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Columns

  • The puzzlement of parenting our parents

    As I walked away from the emergency room, I felt a heaviness for my friends who had just brought in their elderly father. They were rightly concerned about his health issues.

    But their dad wasn’t. In fact, he was angry that his adult children had insisted on admitting him to the hospital.

    There he rested on the gurney, pouting because he wasn’t home. His lower lip was turned up, childlike, which enhanced the scowl on his face as he weakly waved me away.

    It’s not easy parenting parents.

  • Gifts from my father

    By DEBORAH SMITH
    For The News-Enterprise
    Growing up, I always knew that I was protected and loved. Those special times that he and I shared always will remain in my heart to be cherished.
    And, there are the wonderful gifts that he has given me over the years.

  • Reflecting images from a previous generation

    The door to my grandparents’ house on Red Hill Road never was locked.

    As kids, most visits began with a race from the car to the front porch. The first to arrive would fling open the screen door, turn the knob and bound inside – announcing your presence with a burst of energy.

    My grandmother – Dad’s mom – was there without fail to welcome us.

  • Time for a pith-y idea

    BY L.E. WRIGHT
    For The News-Enterprise

    PITH HELMET n. A light sun hat made from dried pith.

    I will tell you up front, the pith helmet is the answer.

    This past week I celebrated my 71st birthday. Once again, as in the past several summers, I did it by giving my dermatologist another chunk of money for services rendered. You see, once upon a time, I was a young man of steel — I thought. There was nothing on this earth that could hurt me. Nothing would ever hurt me.

  • Armor plans its farewell to Kentucky

    I invite everyone to attend and be a part of a truly historic occasion at Fort Knox on June 10. At 9 a.m. on Brooks Parade Field, the U.S. Army Armor School will perform a colors casing ceremony in which its subordinate units, the 194th Armored Brigade and 316th Cavalry Brigade, will roll up their flags, effectively marking the end of Armor’s chapter at Fort Knox.

  • Tornadoes fall upon the just and the unjust

    Two old codgers decided to make a trip to California. On the way, they stopped at the Grand Canyon. Staring down at the Colorado River 6,000 feet below, gazing at the far side of the canyon 18 miles away, awestruck by the canyon’s multi-colored layers of rock, the two men stood speechless.

    Finally, one said, “Sumpum musta happened here.”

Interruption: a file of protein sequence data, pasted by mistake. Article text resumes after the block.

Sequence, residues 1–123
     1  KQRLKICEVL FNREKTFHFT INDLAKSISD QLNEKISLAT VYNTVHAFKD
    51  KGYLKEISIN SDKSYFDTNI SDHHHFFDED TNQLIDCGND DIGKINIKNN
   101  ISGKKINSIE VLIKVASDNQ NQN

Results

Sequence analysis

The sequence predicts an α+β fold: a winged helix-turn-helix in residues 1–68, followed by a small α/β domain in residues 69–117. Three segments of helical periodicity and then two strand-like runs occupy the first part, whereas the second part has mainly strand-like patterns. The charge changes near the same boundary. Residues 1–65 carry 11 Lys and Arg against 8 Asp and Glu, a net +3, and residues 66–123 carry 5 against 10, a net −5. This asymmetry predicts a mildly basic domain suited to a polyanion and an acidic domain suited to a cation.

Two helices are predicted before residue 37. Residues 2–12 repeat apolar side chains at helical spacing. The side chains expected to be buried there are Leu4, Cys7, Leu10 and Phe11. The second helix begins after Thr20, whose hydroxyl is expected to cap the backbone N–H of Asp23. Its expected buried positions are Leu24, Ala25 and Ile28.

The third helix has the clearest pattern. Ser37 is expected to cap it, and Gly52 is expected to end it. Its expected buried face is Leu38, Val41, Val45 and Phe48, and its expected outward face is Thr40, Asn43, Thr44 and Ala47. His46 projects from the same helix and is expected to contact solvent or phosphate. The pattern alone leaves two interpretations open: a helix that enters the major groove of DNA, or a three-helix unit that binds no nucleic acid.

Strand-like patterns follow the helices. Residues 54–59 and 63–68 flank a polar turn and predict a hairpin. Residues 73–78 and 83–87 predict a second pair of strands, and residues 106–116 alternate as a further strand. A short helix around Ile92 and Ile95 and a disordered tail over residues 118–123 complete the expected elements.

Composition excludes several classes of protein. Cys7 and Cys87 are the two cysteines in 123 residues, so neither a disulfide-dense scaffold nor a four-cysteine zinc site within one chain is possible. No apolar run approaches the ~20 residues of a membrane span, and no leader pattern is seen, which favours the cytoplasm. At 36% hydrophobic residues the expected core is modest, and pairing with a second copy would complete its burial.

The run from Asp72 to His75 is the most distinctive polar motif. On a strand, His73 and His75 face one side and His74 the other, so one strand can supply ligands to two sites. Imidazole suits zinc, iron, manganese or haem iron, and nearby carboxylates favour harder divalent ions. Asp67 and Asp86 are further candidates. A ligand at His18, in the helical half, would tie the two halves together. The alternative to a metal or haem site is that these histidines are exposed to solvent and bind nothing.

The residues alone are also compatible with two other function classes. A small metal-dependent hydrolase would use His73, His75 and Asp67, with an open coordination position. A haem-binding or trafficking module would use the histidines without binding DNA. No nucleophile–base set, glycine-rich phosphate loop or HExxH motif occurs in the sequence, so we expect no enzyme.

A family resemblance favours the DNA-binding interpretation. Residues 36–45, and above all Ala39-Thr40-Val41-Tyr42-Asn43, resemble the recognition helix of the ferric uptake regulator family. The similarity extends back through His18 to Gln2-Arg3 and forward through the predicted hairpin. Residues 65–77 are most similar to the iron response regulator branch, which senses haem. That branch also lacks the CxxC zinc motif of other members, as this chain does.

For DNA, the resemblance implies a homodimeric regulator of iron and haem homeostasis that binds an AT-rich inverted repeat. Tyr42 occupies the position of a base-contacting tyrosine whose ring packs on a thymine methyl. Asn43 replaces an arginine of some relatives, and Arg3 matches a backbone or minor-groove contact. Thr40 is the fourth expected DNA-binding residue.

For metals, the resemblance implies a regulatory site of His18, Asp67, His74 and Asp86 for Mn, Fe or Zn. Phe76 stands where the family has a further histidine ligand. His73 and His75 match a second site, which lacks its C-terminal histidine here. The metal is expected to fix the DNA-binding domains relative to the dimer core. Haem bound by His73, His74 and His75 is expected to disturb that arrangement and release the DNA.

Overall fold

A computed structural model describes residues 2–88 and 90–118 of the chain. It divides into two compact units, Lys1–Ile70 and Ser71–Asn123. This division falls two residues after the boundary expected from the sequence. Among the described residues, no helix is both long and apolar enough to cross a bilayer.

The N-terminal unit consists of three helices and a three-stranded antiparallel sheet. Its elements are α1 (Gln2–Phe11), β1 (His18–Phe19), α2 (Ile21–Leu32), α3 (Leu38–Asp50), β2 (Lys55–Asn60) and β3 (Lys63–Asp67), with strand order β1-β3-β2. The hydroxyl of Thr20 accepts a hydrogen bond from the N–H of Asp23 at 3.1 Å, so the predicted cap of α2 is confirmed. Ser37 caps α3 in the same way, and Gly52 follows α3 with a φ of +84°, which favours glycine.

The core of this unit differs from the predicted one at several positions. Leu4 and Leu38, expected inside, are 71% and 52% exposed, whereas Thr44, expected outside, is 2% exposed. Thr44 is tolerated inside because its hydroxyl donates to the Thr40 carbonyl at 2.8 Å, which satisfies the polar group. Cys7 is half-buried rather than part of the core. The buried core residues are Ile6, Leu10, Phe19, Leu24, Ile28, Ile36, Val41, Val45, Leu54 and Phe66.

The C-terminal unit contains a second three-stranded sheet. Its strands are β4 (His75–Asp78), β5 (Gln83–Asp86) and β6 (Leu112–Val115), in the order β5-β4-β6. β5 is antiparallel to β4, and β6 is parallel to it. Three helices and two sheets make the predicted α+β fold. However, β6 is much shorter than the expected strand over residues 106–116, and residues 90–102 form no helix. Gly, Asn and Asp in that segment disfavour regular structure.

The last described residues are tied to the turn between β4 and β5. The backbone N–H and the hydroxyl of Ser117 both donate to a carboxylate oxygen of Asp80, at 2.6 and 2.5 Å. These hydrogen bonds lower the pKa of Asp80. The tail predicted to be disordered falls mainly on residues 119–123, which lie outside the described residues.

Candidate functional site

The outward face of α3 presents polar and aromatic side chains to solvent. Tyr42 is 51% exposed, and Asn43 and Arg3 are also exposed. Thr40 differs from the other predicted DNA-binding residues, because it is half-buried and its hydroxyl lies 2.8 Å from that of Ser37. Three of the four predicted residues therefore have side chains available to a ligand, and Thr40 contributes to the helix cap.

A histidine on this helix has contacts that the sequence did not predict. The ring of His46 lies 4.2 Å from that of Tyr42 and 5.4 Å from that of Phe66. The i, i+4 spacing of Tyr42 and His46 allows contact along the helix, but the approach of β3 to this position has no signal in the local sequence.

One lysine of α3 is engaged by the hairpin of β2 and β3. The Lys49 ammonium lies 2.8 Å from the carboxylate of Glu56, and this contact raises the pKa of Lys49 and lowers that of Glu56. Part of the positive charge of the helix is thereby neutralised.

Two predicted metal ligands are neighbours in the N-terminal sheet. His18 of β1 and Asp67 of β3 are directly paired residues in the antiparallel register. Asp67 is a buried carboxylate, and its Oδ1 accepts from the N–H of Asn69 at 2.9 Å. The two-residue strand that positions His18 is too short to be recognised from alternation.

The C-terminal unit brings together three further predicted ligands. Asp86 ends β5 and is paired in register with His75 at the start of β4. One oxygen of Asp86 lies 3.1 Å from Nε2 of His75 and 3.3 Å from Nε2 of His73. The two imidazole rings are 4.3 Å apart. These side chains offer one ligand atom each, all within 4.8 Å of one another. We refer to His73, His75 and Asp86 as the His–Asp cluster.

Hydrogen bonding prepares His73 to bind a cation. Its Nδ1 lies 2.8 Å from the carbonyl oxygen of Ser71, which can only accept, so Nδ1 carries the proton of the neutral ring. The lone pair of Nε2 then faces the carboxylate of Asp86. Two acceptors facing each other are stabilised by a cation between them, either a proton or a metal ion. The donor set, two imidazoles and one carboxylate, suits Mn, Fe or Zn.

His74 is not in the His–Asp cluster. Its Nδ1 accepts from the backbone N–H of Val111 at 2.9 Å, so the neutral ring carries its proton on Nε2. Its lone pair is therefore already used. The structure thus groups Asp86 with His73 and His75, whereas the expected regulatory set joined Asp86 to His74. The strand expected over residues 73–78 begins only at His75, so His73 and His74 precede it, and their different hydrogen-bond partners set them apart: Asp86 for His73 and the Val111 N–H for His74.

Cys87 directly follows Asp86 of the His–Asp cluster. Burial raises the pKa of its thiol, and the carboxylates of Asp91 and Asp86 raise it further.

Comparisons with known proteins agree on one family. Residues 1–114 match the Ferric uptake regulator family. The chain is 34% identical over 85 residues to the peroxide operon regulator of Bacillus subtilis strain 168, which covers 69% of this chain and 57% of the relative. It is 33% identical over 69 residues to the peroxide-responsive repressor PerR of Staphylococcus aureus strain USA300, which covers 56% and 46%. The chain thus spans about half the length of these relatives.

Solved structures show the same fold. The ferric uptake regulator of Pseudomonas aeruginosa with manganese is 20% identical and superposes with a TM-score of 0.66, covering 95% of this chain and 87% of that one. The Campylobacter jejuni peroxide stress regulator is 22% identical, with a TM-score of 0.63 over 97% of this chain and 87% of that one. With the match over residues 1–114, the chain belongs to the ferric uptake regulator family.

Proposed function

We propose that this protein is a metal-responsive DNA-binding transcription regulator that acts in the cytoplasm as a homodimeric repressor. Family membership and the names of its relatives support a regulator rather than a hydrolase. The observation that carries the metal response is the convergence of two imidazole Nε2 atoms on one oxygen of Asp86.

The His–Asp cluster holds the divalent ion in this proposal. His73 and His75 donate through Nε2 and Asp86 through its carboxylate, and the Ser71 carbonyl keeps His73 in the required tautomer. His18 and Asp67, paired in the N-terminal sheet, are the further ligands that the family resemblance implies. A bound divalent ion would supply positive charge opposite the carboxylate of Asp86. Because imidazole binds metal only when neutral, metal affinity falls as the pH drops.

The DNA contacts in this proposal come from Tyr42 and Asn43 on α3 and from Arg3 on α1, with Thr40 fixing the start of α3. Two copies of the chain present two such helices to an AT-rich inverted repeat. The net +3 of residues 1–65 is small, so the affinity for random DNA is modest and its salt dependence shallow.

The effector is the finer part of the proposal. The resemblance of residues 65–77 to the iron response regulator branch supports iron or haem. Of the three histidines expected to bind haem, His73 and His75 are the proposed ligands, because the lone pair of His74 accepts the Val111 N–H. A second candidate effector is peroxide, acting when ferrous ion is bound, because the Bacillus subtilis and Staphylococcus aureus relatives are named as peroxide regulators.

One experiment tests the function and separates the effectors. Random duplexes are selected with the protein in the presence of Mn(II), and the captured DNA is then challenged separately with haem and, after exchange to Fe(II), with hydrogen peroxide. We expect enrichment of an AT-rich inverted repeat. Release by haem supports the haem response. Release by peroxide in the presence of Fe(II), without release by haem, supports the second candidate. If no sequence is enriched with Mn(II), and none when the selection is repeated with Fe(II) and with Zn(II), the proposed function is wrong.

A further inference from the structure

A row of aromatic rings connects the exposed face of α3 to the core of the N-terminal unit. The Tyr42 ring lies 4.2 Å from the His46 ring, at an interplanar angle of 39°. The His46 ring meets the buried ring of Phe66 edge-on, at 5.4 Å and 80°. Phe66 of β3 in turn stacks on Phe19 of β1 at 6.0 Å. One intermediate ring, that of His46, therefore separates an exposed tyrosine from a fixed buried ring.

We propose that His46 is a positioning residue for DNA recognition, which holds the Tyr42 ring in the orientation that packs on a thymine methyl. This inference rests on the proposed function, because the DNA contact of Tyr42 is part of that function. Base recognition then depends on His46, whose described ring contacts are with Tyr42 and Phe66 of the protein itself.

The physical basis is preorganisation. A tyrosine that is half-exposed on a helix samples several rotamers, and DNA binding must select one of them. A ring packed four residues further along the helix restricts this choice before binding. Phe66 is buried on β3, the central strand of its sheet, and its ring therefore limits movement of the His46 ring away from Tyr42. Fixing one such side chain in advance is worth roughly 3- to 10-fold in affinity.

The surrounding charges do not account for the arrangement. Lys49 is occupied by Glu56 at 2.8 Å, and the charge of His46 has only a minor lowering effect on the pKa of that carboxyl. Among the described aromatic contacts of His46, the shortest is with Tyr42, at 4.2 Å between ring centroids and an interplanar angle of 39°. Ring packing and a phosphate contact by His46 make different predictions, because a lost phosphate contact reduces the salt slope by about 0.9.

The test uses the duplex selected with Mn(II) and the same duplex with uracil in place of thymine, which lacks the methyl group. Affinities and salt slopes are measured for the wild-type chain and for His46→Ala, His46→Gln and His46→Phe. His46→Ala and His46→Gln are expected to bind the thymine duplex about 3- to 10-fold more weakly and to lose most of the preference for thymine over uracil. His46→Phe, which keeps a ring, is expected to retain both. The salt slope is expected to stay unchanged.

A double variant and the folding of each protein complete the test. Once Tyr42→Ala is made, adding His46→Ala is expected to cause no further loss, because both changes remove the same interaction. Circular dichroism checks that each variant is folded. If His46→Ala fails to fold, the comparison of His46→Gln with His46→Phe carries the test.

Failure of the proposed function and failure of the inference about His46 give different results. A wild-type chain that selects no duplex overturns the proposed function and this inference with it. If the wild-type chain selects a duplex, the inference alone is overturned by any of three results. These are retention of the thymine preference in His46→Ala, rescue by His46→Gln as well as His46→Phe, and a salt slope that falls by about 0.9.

Yep. It took several million years, but something indeed happened there. And it’s a beautiful display, many would say, of God’s handiwork in nature.

  • Don't forget about memorization

    For all the new high school graduates and for any other Kentuckian who wants to play along, here’s a quiz.

    Take a blank map of Kentucky with the county outlines. We’ve provided a copy for you here.

    Now, spend 30 minutes writing the county names in the 120 blank spaces.

    In the meantime, I’ll talk about the lost art of memorization.

    As we emphasize the value of understanding and applying knowledge, sometimes the value of learning by rote has been de-emphasized.

  • Heeding the call of garage sale season

    I was so deep in thought — reading a book about evil and the justice of God, that when my cell phone rang, I flinched. It was my wife, Lori.

    “I thought this weekend would be a great time for a garage sale,” she informed me.

    It wasn’t the news I wanted to hear.

    “Why?” I pleaded, glancing at the book about evil and the justice of God, trying to resist the temptation of associating the first word of the book with garage sales.

  • Rapture: Cashing in on the Apocalypse

    Oops. He missed it again —- the date for the rapture, that is. But that’s OK, miscalculating the date for the end times is nothing new for Harold Camping.

    In 1992, he published his book, “1994?” in which he predicted Sept. 6, 1994 as the beginning of the end. Undeterred by that non-happening, Camping did some re-calculating and published another book in 2008, “We Are Almost There!” He conveniently forgot to mention his 1994 prediction’s failure to launch.

  • Are you up for a challenge?

    By ALICE NICHOLS, guest columnist

    One of the things that I am most grateful for in my life is the privilege of always having had work to do that feels “meaningful.” It is a great blessing to be able to end the day knowing that we have had the opportunity to do something that makes a positive difference in the life of another person or something that contributes to the greater good.  Meaningful work often is difficult, challenging and, at times, frustrating.